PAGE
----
How To Get Rid Of Fungus Gnats In Houseplants Soil

If you noticed a sudden influx of tiny fruit flies flying or crawling around the soil of plants, especially after watering, you probably have house plant gnats. Fungus gnats are attracted to moist soil and can breed and spread fast. The larvae feeds on organic matter and in severe cases, can feed on the roots of plants. They're also highly annoying.

Further down in this blog, we will list how to get rid of gnats on plants and the best methods to prevent fungus gnats.

Monstera leaves
Monstera leaves
Photo by Jeremy Lee on Unsplash

What are fungus gnats?

Fungus gnats are like tiny mosquitoes part of the Bradysia species. They're identified by their small bodies (smaller than regular fruit flies and thrips), gray or clear wings and have antennas. Fungus gnats lay eggs in organic matter, like soil. The adults can lay up to 200 eggs in the first inch of soil. In about 3-4 weeks, those fungus gnat eggs will hatch and start feasting on fungi or decaying plant matter and sometimes even the roots of the plants. Adult fungus gnats don't feed and can't bite, they're typically weak fliers and only live 7-10 days.

Maranta prayer plant

Prayer plant "Lemon Lime"
Photo by Madison Inouye 

Fungus gnat infestation usually happen in the transition from winter to spring and from summer to fall. In the summer to fall period, adult fungus gnats can colonize in the soil of any houseplant that has been left outside during the growing season. When these houseplants are brought back inside, population will drastically increase due to the warmer temperatures in houses.

What Causes Gnats in Houseplants?

As mentioned earlier, fungus gnats can come from potted plants that have been left outside. They can also come from bagged potting soil or just consistently damp soil. Adult gnats need warm, moist soil in order to lay eggs and for the fungus gnat larvae to thrive. The first step you want to take to get rid of gnats is to back off on watering and give the soil more time to dry out.

How To Get Rid Of Gnats in Plants Naturally

Let the soil dry and repot

One way of preventing gnats in houseplants and one tip I don't see recommended enough, is to repot your houseplant, especially a newly purchased plant. Plants found in big box stores are often potted in heavily dense potting soil, the perfect breeding ground for fungus gnat larvae.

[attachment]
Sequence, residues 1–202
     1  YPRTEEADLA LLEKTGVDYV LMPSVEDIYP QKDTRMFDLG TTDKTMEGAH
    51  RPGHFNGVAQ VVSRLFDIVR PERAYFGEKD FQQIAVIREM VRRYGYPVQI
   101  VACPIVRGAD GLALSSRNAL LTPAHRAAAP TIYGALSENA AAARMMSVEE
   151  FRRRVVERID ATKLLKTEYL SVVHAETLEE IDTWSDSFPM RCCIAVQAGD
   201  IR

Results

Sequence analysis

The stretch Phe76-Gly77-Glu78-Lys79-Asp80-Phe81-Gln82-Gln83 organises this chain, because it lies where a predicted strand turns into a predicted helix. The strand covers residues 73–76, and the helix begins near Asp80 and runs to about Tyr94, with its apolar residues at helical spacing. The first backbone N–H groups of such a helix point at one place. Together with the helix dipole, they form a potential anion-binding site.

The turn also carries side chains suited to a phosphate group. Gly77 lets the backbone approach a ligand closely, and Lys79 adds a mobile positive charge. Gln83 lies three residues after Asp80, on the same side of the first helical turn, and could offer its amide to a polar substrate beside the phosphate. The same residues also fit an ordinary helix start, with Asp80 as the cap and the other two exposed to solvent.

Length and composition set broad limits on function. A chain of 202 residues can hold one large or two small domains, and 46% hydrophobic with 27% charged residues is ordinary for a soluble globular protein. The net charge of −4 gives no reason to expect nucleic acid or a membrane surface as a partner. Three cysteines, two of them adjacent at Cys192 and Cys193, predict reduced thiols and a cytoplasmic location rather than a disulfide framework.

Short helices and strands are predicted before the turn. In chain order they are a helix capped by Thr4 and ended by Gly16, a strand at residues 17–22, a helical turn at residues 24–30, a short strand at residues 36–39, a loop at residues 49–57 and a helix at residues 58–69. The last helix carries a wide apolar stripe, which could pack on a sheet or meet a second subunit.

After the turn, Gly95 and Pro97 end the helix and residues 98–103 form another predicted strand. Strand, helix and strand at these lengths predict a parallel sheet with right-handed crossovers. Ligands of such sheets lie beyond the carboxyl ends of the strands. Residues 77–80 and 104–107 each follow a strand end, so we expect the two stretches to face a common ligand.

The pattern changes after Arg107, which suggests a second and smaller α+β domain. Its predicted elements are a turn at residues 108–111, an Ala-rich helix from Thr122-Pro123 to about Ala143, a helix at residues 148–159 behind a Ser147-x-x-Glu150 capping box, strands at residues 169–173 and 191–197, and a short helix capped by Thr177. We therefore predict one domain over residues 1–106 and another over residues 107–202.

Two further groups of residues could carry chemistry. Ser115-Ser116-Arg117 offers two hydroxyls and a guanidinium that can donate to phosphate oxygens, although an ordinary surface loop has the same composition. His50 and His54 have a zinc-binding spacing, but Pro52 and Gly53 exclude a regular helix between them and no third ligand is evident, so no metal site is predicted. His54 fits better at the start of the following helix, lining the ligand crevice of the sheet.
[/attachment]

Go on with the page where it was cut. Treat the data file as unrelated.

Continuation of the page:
Satin pothos on trellis from Treleaf

Satin pothos on Cactrella trellis from Treleaf

Next, you need to buy a bag of nice quality fresh soil. I've notice a number of mainstream potting soil bags already infested with gnats and thrips.

Repotting that plant is one of the most effective ways of ridding fungus gnats. This eradicates all the larval stage.

plants being repotted

Plants being repotted
Photo by vadim kaipov on Unsplash

Hydrogen peroxide

Mix equal parts of water and hydrogen peroxide. Use this solution for your next watering session. The hydrogen peroxide will target the larvae but not injure your plant. Hydrogen peroxide will also help with any root rot. The fungus gnat larvae will usually be gone in 1-2 waterings. Make sure to follow up with fertilizer. While hydrogen peroxide is great for targeting gnats it will also target any good bacteria as well.

Create a DIY gnat trap using vinegar

You can create your own DIY gnat trap by pouring equal parts of apple cider vinegar and water into a bowl. Leave the solution next to your plant. The adult gnats will be attracted to the scent, try to drink it and drown.

Use yellow houseplant sticky stakes

Yellow sticky traps are great for capturing adult fungus gnats and also help you gage which plants are the most infested. Put the sticky fly traps next to the soil of any indoor plants, they'll be attracted to the bright colors, fly into them and get stuck. This helps control the adult gnats so they don't lay eggs.

When the yellow sticky trap is filled, just toss it and replace it. This is best non toxic method for adult fungus gnats.

Bottom watering your plants

Instead of normally top watering you beloved plants, try to bottom water them. Put your plant in a tub or bathtub already filled with water. They'll slowly start to absorb water through the drainage holes. Pull plant out before the entire soil is saturated.

This can help keeping the top half of the soil surface dry. And the fungal larval can't grow in dry soil.

Beneficial insects

Beneficial insects are a great, non toxic way of treating any sort of houseplant pest. For fungus gnats, beneficial nematodes work wonders.

Plants on a shelf

Plant corner
Photo by Véronique Trudel on Unsplash

Nematodes are a microscopic organism that seek out and kill fungus gnat larvae that live in the soil. Nematodes need to be watered in so be sure to follow the instructions on the package. But, nematodes is and effective and easy way of ridding fungus gnats.

Mosquito Bits

Mosquito bits are sold as granules. The active ingredient in mosquito bits is a biological larvacide called BTI (Bacillus thuringiensis subspecies israelensis). You can water your plants with a mosquito bit seeped water or just place some mosquito bits on the soil after watering. This should take care of the larval stage gnats in the soil.


More plant related blogs:
Best potting soil for houseplants
Not so common houseplants that make great houseplants
Should you cut dying leaves off your houseplants?